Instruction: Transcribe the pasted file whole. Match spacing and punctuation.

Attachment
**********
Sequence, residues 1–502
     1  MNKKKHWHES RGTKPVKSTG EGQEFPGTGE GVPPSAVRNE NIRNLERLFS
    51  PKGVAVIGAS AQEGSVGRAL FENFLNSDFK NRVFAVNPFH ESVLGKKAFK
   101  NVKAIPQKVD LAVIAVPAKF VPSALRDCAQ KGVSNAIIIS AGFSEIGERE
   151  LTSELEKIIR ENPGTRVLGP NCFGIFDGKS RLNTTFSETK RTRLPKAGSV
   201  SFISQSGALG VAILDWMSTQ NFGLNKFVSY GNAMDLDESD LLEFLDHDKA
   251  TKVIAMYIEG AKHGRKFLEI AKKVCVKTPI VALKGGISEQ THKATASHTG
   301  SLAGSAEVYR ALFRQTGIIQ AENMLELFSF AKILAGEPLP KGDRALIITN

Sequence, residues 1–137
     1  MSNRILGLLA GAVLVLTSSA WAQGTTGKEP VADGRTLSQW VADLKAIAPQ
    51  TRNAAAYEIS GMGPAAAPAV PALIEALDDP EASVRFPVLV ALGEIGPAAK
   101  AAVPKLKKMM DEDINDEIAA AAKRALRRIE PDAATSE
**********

Sequence, residues 1–502
     1  MNKKKHWHES RGTKPVKSTG EGQEFPGTGE GVPPSAVRNE NIRNLERLFS
    51  PKGVAVIGAS AQEGSVGRAL FENFLNSDFK NRVFAVNPFH ESVLGKKAFK
   101  NVKAIPQKVD LAVIAVPAKF VPSALRDCAQ KGVSNAIIIS AGFSEIGERE
   151  LTSELEKIIR ENPGTRVLGP NCFGIFDGKS RLNTTFSETK RTRLPKAGSV
   201  SFISQSGALG VAILDWMSTQ NFGLNKFVSY GNAMDLDESD LLEFLDHDKA
   251  TKVIAMYIEG AKHGRKFLEI AKKVCVKTPI VALKGGISEQ THKATASHTG
   301  SLAGSAEVYR ALFRQTGIIQ AENMLELFSF AKILAGEPLP KGDRALIITN

Sequence, residues 1–137
     1  MSNRILGLLA GAVLVLTSSA WAQGTTGKEP VADGRTLSQW VADLKAIAPQ
    51  TRNAAAYEIS GMGPAAAPAV PALIEALDDP EASVRFPVLV ALGEIGPAAK
   101  AAVPKLKKMM DEDINDEIAA AAKRALRRIE PDAATSE